San Francisco unnecessarily paid millions of dollars in sewer replacement claims in an alleged scheme by the city attorney’s office that a staffer was fired for investigating, according to a claim by the terminated attorney.
In the claim filed Tuesday by attorney Stephen Murphy, former Chief Trial Deputy Joanne Hoeper said that she found several thousand suspicious claims for damage to private sewer lines by city-owned tree roots that the city paid between 2002 and 2011. She estimated the claims cost the city more than $10 million.
But when she pointed out the findings of her investigation to City Attorney Dennis Herrera, Hoeper said she was transferred to the district attorney’s office and fired at the beginning of Herrera’s next term.
She claims her termination was retaliation for her investigation and seeks lost wages and other unspecified damages. Such a claim is usually the precursor to a lawsuit.
City attorney’s office spokesman Matt Dorsey said in a statement that Hoeper’s claims are “the baseless allegations of wrongdoing from a disgruntled former employee.”
Dorsey said the claims were thoroughly reviewed by outside counsel and that the city attorney’s office would be “vindicated” at the conclusion of the case.
“The City Attorney takes his duty to protect the taxpayers and their funds very seriously, and Ms. Hoeper’s claim for civil damages will be no exception,” Dorsey said.
Hoeper’s claim said that her investigation began late in 2011, when an FBI agent tipped her off to the possible scheme in the city attorney’s office.
While she received reassurance from the city attorney’s claims bureau that the city routinely denied problematic claims, she kept digging because of the seriousness of the allegations and assigned two investigators to the case.
Hoeper discovered that no other California city paid to replace sewers damaged by city tree roots and consulted experts who said that tree roots do not cause sewer breaks but infiltrate already damaged lines, according to the claim.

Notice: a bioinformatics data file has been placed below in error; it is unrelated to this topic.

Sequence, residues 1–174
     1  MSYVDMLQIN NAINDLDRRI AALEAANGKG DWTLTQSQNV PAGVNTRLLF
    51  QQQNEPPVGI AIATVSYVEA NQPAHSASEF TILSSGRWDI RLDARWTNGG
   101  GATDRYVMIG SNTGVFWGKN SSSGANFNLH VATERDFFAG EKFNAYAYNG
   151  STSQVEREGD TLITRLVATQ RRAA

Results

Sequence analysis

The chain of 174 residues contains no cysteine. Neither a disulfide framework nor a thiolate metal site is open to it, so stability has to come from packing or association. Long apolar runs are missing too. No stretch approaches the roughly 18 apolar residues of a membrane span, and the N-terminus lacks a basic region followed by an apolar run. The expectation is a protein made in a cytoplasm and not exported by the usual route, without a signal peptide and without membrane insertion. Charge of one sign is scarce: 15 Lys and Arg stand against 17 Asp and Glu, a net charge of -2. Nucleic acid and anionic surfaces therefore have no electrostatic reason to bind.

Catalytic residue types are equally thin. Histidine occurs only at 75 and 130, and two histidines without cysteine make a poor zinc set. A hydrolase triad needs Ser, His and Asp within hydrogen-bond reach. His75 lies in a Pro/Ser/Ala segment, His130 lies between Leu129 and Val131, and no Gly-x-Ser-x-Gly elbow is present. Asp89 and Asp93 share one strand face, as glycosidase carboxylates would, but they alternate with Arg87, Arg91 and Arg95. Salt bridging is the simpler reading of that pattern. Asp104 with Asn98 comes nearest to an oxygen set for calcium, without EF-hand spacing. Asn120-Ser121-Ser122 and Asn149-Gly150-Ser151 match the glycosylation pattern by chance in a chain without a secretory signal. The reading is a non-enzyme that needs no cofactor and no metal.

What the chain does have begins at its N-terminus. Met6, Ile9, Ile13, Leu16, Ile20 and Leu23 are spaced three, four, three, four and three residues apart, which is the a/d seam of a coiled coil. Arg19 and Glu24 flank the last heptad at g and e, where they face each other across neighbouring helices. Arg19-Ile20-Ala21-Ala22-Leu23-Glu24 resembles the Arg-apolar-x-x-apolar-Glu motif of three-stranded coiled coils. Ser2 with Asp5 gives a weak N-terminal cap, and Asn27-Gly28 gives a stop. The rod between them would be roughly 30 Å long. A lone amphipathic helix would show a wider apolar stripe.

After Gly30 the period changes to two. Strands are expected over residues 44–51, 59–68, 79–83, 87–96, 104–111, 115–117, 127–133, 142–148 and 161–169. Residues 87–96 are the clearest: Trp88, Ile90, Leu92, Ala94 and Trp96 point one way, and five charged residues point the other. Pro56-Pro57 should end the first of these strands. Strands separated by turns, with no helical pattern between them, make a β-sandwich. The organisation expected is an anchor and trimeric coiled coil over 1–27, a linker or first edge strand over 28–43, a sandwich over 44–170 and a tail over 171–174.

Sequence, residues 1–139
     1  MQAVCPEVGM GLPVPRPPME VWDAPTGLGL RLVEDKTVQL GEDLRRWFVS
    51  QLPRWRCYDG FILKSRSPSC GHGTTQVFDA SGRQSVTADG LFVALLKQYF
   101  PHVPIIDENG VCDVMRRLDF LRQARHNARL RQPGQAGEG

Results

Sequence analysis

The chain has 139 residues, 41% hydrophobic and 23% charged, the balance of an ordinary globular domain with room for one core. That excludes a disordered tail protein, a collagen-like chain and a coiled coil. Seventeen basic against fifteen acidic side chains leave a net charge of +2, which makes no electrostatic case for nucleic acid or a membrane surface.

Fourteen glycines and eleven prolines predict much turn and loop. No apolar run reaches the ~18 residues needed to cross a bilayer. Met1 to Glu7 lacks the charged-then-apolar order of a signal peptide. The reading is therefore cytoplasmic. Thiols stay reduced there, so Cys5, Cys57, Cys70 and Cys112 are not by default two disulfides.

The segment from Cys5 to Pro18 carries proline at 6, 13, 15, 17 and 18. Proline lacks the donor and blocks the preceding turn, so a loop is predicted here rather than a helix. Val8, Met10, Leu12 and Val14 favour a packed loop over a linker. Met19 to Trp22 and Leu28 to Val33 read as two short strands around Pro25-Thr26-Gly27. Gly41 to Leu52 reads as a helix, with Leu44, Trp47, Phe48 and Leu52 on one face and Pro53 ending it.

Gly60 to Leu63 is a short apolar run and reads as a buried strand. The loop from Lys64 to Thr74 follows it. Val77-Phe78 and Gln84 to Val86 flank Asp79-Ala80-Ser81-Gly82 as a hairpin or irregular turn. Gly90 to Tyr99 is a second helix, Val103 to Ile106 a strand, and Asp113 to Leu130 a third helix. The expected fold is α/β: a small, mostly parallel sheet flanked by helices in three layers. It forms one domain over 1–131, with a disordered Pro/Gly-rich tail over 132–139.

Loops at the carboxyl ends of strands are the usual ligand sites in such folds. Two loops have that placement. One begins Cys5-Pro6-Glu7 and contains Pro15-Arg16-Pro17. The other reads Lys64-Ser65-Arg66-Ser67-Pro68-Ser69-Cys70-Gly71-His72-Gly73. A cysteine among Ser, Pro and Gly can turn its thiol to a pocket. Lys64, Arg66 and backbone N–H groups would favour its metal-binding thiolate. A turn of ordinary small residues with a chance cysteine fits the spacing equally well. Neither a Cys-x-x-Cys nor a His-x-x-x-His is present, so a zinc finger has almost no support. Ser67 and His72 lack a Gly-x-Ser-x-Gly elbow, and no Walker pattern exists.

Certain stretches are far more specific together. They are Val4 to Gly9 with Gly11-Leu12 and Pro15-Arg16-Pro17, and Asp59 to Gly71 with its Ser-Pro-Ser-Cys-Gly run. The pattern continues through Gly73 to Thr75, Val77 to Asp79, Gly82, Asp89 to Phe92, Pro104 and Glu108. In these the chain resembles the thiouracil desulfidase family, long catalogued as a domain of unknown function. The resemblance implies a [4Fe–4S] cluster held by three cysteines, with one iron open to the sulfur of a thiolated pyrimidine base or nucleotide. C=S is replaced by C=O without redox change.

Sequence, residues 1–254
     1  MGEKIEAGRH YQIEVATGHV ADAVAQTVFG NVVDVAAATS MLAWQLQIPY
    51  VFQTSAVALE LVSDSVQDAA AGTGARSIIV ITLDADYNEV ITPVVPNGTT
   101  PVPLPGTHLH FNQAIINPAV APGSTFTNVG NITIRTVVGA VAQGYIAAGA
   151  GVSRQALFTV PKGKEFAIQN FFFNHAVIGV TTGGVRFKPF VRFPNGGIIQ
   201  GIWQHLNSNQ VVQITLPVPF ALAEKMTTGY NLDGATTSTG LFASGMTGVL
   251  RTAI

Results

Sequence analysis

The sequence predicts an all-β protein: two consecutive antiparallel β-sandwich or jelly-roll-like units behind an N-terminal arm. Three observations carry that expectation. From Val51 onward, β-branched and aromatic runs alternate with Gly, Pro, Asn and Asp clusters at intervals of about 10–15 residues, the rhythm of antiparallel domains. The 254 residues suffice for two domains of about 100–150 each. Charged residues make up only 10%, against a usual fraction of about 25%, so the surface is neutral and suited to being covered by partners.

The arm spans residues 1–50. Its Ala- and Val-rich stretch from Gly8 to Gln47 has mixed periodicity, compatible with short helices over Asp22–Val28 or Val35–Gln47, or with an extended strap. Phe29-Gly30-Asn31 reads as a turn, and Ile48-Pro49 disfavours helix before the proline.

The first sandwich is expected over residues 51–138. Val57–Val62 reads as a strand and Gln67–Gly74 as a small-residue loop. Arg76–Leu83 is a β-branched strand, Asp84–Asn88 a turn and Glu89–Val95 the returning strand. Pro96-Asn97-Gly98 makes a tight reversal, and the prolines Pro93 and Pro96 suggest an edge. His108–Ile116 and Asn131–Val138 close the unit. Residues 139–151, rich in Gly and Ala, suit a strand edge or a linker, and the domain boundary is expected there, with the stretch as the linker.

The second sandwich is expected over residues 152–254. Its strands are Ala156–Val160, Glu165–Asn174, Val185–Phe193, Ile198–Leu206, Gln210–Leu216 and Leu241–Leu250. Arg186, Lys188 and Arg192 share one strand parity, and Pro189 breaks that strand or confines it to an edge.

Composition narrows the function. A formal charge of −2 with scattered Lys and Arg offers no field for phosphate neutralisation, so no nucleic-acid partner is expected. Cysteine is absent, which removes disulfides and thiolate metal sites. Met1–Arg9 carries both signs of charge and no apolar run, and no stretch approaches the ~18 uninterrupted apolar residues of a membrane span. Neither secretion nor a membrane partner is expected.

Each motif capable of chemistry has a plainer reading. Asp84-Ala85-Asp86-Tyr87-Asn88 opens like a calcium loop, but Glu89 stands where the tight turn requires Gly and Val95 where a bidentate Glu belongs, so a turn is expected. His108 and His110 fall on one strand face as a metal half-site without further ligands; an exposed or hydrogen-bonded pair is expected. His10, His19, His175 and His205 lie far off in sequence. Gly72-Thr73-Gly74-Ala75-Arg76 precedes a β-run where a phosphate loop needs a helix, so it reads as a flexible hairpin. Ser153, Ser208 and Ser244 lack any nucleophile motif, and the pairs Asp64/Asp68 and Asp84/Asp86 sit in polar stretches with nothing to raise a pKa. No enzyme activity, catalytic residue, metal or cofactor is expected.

The city also paid the full cost of replacing—rather than repairing—the damaged sewer lines, replacing some lines that were more than 100 years old, according to the claim.
The paid claims had false statements, inflated bills, and suspiciously similar signatures, Hoeper found, and the plumbing companies had solicited many of the claims, even when the property owner was not having sewer problems.
The assistant chief of the claims bureau, Michael Haase, and his supervisor, Matthew Rothschild, approved the claims, according to Hoeper’s allegations.
One plumbing company’s sole source of income was apparently from city sewer claims while other companies took the majority of their income from such claims for years, Hoeper found.
Haase was in communication with the plumbing companies benefiting from the claims and would often know about the claims before they were even filed, according to Hoeper, and he would approve the claims despite “obvious red flags.”
Since Rothschild was the claim division’s chief and responsible for the final approval of all claims against the city, Hoeper questioned his conduct as well.
According to Hoeper’s account, Herrera met with Rothschild in May 2012 and informed him about Hoeper’s investigation. Immediately after the meeting, he burst into Hoeper’s office trembling with anger and shouted at her, “You’ll be sorry” and “I won’t stand for this.”
At one point, he said he would stage a hunger strike if she kept at her investigation, according to Hoeper.
The payments for the damage to sewer lines by city-owned trees stopped in June 2012. The next month, Herrera assigned another attorney to take over and wrap up the investigation, according to Hoeper, who wrote up a 27-page draft report of her findings and submitted it to Herrera.
Hoeper kept looking into the case and after examining 65 claims from a particular plumbing company between mid-2010 and mid-2011, found that each claim was inflated by about $3,000. In her claim, Hoeper speculated that Haase had been receiving at least a portion of the $3,000.
The morning after Hoeper revealed these findings to the new lead investigator, Herrera called Hoeper into his office and told her that she would be transferred to the district attorney’s office.
Hoeper alleges that Herrera told her that she would maintain the same salary and a title in the city attorney’s office until the end of Herrera’s term as city attorney in January 2014, when she would be terminated.
Hoeper was fired on Jan. 7, 2014, the first day of Herrera’s third term as city attorney, according to Hoeper’s claim against the city.
Hoeper’s claim states that Herrera stopped any investigation into the matter after her termination.
Scott Morris, Bay City News